A Treatise Concerning the Arte of Limning – Nicholas Hilliard (ca. 1600)
Blackes. (p. 90 & 92)
Blackes. (p. 90 & 92) Blacks. (p. 91 & 93)
/ The best blacke is veluet blacke, wch is Iuory burnt in a Crucible and luted that Ayre enter not, mix therfor yr lutting with a littel salt, and let it nealle redd hot a quarter of an hower, then lett it coole, and grind it with Gume watter only, and washe it, in this maner, power watter to it by littel and littel, still stirringe it, and when it is as thine as Inke or thinner, let yt settele a whole afternoone, and poure from it the uppermost, wch is but the Gume and fowlnes, good to put amonge Inke, the rest let drye, and keepe it in a paper or boxe, and use it as aforesaid, wth soft grinding it againe, or tempering, but one the grinding stone wth watter adding Gume in powder to it againe at discretion, ffor yo shall by using it, perceive if it haue too little gume, for then it worketh ill, and dryeth to fast, if yo put too much gume, then it wilbe some what bright lyke oyle callor, wch is vylde in lymning Take this for a generall rule, that Lymning must excell at all Painting in that point, in that it must giue eury thing his proper lustre as weel as his true cullor light and shadowe. / Other blackes are made in lyke maner, as of Chery stones, Datestones, Peachstones, and common Charkecole, willowecole, or any thinge that burneth burneth blacke, these burnt and grinded as aforesaid, but they need no washinge / Noate also that veluet blacke after it is drye in the Shell, it worketh neuer more soe weell, as at the first grinding or tempering, wherefore for principall workes, and euen for the Centor of the eye, being but a little tytle, I use alwayes to temper a lyttle one my grinding stone, hauing it alwayes in powder ready grinded, washt, and dryed for store, Soe use I to haue most of my other cullors, that I may easely temper then wth my finger in a shell, adding Gume at discretion / soe haue I them always cleane and fayer, and easyer to worke. / Thus a limner should doe, but for sparing time and cost, some use to worke out of theire ould Shells of cullors, thoughe they be naught and dusty.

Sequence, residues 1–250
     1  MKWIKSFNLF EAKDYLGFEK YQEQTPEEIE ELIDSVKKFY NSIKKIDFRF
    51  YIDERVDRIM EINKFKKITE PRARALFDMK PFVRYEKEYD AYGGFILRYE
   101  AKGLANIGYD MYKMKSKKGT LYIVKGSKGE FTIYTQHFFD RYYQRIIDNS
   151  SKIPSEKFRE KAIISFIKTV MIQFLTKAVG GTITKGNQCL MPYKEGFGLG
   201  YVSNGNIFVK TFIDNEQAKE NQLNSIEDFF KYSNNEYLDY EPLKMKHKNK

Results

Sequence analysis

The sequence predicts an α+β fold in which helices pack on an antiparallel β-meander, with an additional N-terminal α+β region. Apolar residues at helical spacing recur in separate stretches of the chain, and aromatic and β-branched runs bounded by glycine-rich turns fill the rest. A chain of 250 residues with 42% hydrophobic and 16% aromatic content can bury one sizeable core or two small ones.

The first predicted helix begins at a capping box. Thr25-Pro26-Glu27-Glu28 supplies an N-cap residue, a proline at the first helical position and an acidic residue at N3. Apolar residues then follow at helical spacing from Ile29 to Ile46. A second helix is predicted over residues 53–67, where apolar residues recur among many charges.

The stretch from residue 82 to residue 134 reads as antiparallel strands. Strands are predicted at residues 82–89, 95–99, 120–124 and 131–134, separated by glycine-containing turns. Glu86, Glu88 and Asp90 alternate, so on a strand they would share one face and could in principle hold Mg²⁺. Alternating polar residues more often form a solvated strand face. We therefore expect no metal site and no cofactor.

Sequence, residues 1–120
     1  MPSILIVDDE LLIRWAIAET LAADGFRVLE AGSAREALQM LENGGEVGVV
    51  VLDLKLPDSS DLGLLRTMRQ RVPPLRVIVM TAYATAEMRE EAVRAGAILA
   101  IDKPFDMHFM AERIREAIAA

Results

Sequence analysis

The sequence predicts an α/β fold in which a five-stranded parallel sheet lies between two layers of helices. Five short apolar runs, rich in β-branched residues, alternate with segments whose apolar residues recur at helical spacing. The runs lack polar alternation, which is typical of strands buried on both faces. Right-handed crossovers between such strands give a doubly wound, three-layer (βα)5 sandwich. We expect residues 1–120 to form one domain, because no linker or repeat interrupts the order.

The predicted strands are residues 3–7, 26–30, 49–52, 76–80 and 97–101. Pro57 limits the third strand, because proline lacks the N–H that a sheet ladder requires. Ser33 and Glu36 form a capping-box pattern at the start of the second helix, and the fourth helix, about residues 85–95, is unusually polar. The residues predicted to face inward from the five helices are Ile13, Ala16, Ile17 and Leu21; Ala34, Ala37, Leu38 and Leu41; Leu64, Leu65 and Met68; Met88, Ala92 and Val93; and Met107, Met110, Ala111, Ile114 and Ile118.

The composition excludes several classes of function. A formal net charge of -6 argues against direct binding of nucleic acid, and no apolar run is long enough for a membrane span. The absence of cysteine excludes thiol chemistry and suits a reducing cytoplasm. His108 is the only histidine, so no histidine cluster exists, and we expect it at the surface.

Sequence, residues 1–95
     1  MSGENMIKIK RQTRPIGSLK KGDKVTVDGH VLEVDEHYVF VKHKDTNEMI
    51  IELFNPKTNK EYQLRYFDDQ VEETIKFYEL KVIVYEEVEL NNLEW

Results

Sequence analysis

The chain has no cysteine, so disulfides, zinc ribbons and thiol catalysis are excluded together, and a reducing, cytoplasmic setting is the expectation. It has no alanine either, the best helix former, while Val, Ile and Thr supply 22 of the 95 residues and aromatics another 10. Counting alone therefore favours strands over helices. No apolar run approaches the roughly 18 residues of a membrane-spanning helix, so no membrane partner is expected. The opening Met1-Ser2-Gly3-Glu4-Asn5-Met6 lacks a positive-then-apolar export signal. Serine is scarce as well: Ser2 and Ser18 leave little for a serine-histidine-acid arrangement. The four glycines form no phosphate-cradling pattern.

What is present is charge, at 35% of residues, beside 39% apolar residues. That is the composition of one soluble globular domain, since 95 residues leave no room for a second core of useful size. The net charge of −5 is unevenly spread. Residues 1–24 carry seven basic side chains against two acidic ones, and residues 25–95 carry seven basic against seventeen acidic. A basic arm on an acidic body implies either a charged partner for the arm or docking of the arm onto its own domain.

The best black is velvet black, which is ivory burnt in a crucible, and luted, that air enter not ; mix therefore your luting with a little salt ; and let it anneal red hot a quarter of an hour, then let it cool and grind it with gum water only, and wash it in this manner: pour water to it by little and little, still stirring it, and when it is as thin as ink, or thinner, let it settle a whole afternoon, and pour from it the uppermost, which is but the gum and foulness, good to put among ink. The rest let dry, and keep it in a paper or box and use it as aforesaid with soft grinding of it again, or tempering, but on the grinding stone with water adding gum in powder to it again at discretion ; for you shall by using it perceive if it have too little gum, for then it workest ill and dryeth too fast ; if you put too much gum then it will be somewhat bright, like oil colour, which is vile in limning. Take for this general rule, that limning must excel all painting in that point, in that it must give everything his proper lustre, as well as his true colour, light and shadow. Other blacks are made in like manner, as of cherry stones, date stones, peach stones, and common charcoal, willowcoal, or anything that burneth black ; these burnt and grinded as aforesaid, but they need no washing. Note also that velvet black, after is dry in the shell, it worketh never more so well as at the first grinding or tempering ; wherefore for principal works, and even for the centre of the eye, being but a little tittle, I use always to temper a little on my grinding stone, having it always in powder ready grinded, washed and dryed for store. So use I to have most of my other colours, that I may easily temper them with my finger in a shell, adding gum at discretion ; so have I them always clean and fair and easier to work. Thus a limner should do ; but for sparing time and cost some use to work out of their old shells of colours, though they be naught and dusty.